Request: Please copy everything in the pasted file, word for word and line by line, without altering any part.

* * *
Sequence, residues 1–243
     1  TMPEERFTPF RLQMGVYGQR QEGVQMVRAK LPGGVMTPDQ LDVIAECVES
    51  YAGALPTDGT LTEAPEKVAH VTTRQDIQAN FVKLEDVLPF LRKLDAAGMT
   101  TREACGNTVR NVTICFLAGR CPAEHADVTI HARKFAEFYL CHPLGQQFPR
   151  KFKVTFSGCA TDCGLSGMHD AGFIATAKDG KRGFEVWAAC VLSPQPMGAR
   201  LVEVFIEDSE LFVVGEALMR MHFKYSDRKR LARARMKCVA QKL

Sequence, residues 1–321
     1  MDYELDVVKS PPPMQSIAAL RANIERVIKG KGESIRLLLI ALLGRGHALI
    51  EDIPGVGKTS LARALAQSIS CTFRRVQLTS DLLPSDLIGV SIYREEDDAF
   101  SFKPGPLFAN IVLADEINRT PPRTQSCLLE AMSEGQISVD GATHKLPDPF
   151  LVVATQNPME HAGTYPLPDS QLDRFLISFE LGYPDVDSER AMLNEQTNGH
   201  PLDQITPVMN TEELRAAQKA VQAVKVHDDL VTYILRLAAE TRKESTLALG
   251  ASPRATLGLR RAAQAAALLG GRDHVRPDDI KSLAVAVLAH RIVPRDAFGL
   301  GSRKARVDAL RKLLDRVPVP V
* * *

Sequence, residues 1–243
     1  TMPEERFTPF RLQMGVYGQR QEGVQMVRAK LPGGVMTPDQ LDVIAECVES
    51  YAGALPTDGT LTEAPEKVAH VTTRQDIQAN FVKLEDVLPF LRKLDAAGMT
   101  TREACGNTVR NVTICFLAGR CPAEHADVTI HARKFAEFYL CHPLGQQFPR
   151  KFKVTFSGCA TDCGLSGMHD AGFIATAKDG KRGFEVWAAC VLSPQPMGAR
   201  LVEVFIEDSE LFVVGEALMR MHFKYSDRKR LARARMKCVA QKL

Sequence, residues 1–321
     1  MDYELDVVKS PPPMQSIAAL RANIERVIKG KGESIRLLLI ALLGRGHALI
    51  EDIPGVGKTS LARALAQSIS CTFRRVQLTS DLLPSDLIGV SIYREEDDAF
   101  SFKPGPLFAN IVLADEINRT PPRTQSCLLE AMSEGQISVD GATHKLPDPF
   151  LVVATQNPME HAGTYPLPDS QLDRFLISFE LGYPDVDSER AMLNEQTNGH
   201  PLDQITPVMN TEELRAAQKA VQAVKVHDDL VTYILRLAAE TRKESTLALG
   251  ASPRATLGLR RAAQAAALLG GRDHVRPDDI KSLAVAVLAH RIVPRDAFGL
   301  GSRKARVDAL RKLLDRVPVP V